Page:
- Open Access
Immuno-digital invasive cleavage assay for analyzing Alzheimer’s amyloid ß-bound extracellular vesicles
Alzheimer's Research & Therapy volume 14, Article number: 140 (2022)
The protracted preclinical stage of Alzheimer’s disease (AD) provides the opportunity for early intervention to prevent the disease; however, the lack of minimally invasive and easily detectable biomarkers and their measurement technologies remain unresolved. Extracellular vesicles (EVs) are nanosized membrane vesicles released from a variety of cells and play important roles in cell–cell communication. Neuron-derived and ganglioside-enriched EVs capture amyloid-ß protein, a major AD agent, and transport it into glial cells for degradation; this suggests that EVs influence Aß accumulation in the brain. EV heterogeneity, however, requires the use of a highly sensitive technique for measuring specific EVs in biofluid. In this study, immuno-digital invasive cleavage assay (idICA) was developed for quantitating target-intact EVs.
EVs were captured onto ganglioside GM1-specific cholera toxin B subunit (CTB)-conjugated magnetic beads and detected with a DNA oligonucleotide-labeled Aß antibody. Fluorescence signals for individual EVs were then counted using an invasive cleavage assay (ICA). This idICA examines the Aß-bound and GM1-containing EVs isolated from the culture supernatant of human APP-overexpressing N2a (APP-N2a) cells and APP transgenic mice sera.
The idICA quantitatively detected Aß-bound and GM1-containing EVs isolated from culture supernatants of APP-N2a cells and sera of AD model mice. The idICA levels of Aß-associated EVs in blood gradually increased from 3- to 12-month-old mice, corresponding to the progression of Aß accumulations in the brain of AD model mice.
The present findings suggest that peripheral EVs harboring Aß and GM1 reflect Aß burden in mice. The idICA is a valuable tool for easy quantitative detection of EVs as an accessible biomarker for preclinical AD diagnosis.
Amyloid β-protein (Aβ) accumulation and deposition in the brain are early and consistent pathological hallmarks of Alzheimer’s disease (AD). The glycosphingolipid ganglioside GM1 is linked to Aß-associated pathology in AD [1, 2]. GM1 is found in the outer layer of cell membranes, with their glycans exposed to the external milieu. GM1 moves laterally across the membranes and forms high-density clusters, which monomeric Aß recognizes and then binds to . GM1 also promotes the assembly of Aß into amyloid fibrils . Aß–GM1 complexes are found in the brain tissues and interstitial fluid of aged monkeys and patients with AD [5, 6]. Glycosphingolipids, including GM1, are also localized in extracellular vesicle (EV) membranes . EVs are heterogeneous populations of membrane vesicles released from various cells . Our earlier findings using quantitative glycomics show that GM1 is more abundant in EVs than in their parental cells and that concomitantly Aß binds to EVs through a part of the GM1 domains [9,10,11]. Aß-bound and GM1-containing EVs released from neurons are internalized and degraded by microglia, suggesting that the neuronal EVs may contribute to Aß clearance. In the presence of an excess of EVs or the absence of glial phagocytic activity for these membrane vesicles, EVs may, therefore, promote Aß accumulation and amyloid plaque formation [7, 12].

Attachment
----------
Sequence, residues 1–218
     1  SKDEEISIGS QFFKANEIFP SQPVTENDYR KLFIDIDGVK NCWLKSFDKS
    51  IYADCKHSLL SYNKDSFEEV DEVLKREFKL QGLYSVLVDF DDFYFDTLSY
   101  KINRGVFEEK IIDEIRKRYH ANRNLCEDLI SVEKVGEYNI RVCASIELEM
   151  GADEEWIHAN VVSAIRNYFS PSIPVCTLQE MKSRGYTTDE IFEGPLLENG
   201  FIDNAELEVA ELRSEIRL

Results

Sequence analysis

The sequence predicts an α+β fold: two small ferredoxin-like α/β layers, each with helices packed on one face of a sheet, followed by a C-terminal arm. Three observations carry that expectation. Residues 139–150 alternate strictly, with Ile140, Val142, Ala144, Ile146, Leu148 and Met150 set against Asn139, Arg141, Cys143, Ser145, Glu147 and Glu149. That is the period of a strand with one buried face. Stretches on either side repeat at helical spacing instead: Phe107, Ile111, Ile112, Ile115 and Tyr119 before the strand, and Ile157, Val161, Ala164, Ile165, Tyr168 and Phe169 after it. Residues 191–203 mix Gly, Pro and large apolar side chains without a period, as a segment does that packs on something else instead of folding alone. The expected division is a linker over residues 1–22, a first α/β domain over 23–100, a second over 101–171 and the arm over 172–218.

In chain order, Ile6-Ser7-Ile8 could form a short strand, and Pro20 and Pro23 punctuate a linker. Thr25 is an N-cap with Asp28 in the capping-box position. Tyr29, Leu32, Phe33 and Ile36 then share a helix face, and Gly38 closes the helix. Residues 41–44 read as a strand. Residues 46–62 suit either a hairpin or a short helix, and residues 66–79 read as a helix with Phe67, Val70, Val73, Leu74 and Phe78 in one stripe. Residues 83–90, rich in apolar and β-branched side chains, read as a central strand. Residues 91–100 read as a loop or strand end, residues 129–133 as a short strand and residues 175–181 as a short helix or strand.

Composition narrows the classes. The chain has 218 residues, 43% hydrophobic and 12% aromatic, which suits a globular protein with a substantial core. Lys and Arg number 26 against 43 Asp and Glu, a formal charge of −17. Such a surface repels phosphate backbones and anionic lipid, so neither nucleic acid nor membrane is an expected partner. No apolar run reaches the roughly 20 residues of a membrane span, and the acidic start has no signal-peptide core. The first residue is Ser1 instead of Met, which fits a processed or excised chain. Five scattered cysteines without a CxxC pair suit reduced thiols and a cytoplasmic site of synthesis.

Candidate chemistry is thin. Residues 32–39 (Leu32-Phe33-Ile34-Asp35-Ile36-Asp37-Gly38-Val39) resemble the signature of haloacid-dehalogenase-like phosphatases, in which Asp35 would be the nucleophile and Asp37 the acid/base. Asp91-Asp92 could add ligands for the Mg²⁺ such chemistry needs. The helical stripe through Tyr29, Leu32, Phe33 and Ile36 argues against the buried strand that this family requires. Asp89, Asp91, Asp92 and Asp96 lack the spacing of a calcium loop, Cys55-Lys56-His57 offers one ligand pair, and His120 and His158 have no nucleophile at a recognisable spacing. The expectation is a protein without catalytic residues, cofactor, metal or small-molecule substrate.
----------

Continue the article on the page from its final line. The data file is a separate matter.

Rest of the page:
Liquid biopsy, which is based on the analysis of circulating biological molecules such as nucleic acid, proteins, and metabolites, is a powerful tool for determining the pathological stages of several diseases such as cancer and dementia [13, 14]. This technique is used for the molecular profiling and diagnostic imaging of biopsy tissue for evaluating pathogenesis and disease progression . EVs are target candidates for liquid biopsy; they possess the characteristic profiles of cargo proteins, mRNA, miRNA, and surface lipids that vary depending on parental cell types and conditions. Moreover, EVs are stably circulated in almost all bodily fluids, including blood, cerebral spinal fluid, and urine. EVs, therefore, are potential non-invasive biomarkers for the pathogenesis and prognosis of a wide range of diseases, including cancers, heart disease, obesity, and dementia [16,17,18]. Aß is found in CSF- and serum-derived EVs in amyloid precursor protein transgenic (APP Tg) mice [9,10,11].
Recent technological advances facilitated by microfluidics have enabled us to make significant progress in our capacity to analyze liquid biopsy molecules . In particular, one of the most extensively used applications is a droplet-based digital bioassay system that uses microcompartalization to detect single molecules. Immuno-digital invasive cleavage assay (idICA) allows femtogram-level measurements of target proteins . In the present study, we developed a novel idICA system for the quantitative detection of EVs harboring GM1 and Aß in the culture supernatant of APP-N2a cells and sera from AD model mice (APP Tg mice). We, furthermore, evaluated the potential of Aß-bound and GM1-containing EVs in serum-derived EVs in APP Tg mice at different ages.
Isolation of EVs from culture supernatants